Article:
Miranthi Dole calls for racial harmony and an end to prejudice

Q: As far as perceptions go, do you think Sri Lanka is regaining its composure in the aftermath of the Easter Sunday attacks and COVID-19?

A: People who love Sri Lanka will always return. It has regained its composure but regressed in many aspects – and the COVID-19 outbreak hasn’t helped.

I was horrified by the Easter Sunday attacks – there is absolutely no justification for such senseless killings. This event only fuelled hatred and discord, even amongst the educated and so-called elite in society.

Q: How do you perceive Sri Lanka today – i.e. in terms of progress or a lack thereof?

A: Sri Lanka will always have my heart. But its people remain easily swayed by negative propaganda, and permit hatred to come between peace and progress.

The youth lack career guidance and support. On every visit to Sri Lanka, I witness new concepts and businesses being opened. However, I feel that they can thrive with more funding and training.

There are many youth with great ideas but they lack the resources to bring their ideas to light.

Q: And how do compatriots in your country of domicile view Sri Lanka – meaning the citizens of the country you live in at present, which is Bahrain?

A: They love Sri Lanka for its beaches, lush landscapes and domestic aides. It is mainly viewed as a place for holidaying but not one in which to invest.

Many Bahrainis I meet have holidayed in Sri Lanka, spent their honeymoon there or heard wonderful stories about the island.

Q: Likewise, how do other Sri Lankans living in Bahrain view Sri Lanka?

A: They do not consider it an ideal place to give children the best. The escalating cost of living and devaluation of the currency are perceived negatively.

Q: What were your impressions of Sri Lanka on the last visit and how much has it changed from the past, in your assessment?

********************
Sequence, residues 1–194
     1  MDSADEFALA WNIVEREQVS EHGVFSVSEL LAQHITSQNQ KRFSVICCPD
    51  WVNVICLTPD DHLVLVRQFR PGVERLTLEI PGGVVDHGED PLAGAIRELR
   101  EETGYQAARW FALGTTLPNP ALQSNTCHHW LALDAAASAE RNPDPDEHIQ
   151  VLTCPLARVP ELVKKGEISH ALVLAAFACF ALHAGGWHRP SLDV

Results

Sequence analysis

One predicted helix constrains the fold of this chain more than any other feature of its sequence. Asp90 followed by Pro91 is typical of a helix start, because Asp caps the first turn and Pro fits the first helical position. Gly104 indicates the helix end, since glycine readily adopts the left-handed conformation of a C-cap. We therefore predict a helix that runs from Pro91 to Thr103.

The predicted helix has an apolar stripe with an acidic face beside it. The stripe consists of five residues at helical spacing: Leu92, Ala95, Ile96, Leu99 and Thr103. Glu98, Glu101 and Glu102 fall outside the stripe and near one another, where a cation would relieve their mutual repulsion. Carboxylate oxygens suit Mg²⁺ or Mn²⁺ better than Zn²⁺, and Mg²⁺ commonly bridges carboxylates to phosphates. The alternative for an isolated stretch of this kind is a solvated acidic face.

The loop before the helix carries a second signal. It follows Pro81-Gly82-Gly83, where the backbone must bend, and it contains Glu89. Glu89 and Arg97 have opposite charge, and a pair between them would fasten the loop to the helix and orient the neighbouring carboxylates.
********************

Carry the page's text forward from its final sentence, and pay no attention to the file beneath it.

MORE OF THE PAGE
A: I visited Sri Lanka in March last year. There was no town planning and the roads in Colombo were more congested – there was no method to the madness. Escaping the city was most welcoming.

The food continues to be amazing although it is inconsistent at times.

Q: From afar, how do you perceive news about Sri Lanka – and what mediums do you rely on to stay connected?

A: I keep up-to-date mostly through social media including Facebook pages and Instagram.

Q: How do you view the brain drain? And why is there no reversal of it, in your opinion?

A: There are many reasons why there is an export of our finest [people]; however, there also remains the best with many returning home to bring back international expertise.

Unfortunately, there is little change in opportunities and exposure with corruption continuing to be hugely prevalent. Many Sri Lankans leave due to encountering persistent racial discrimination and prejudice.

Q: What should Sri Lanka focus on most in the coming decade?

A: Investing in and supporting local entrepreneurs, harnessing talent, and providing youth an outlet or the right education and career guidance to reach their goals.

It is crucial to spread racial harmony in these turbulent times so as to take the country forward. Strict governance and a long-term plan for the country are much needed instead of short-term gains for a few.

Q: And what are your hopes for the country in the next decade or so?

A: A leadership that is fair and impartial to all ethnicities, working towards uniting its people and capitalising on all ethnicities – one that is focussed on the people’s progress and less on personal gain.

Moreover, there’s a need for an education system that is accessible yet paid for by the youth – either monetarily or by way of service to the state. Taxpayers’ money can no longer fund an ungrateful generation that resorts to picketing and ragging others at will!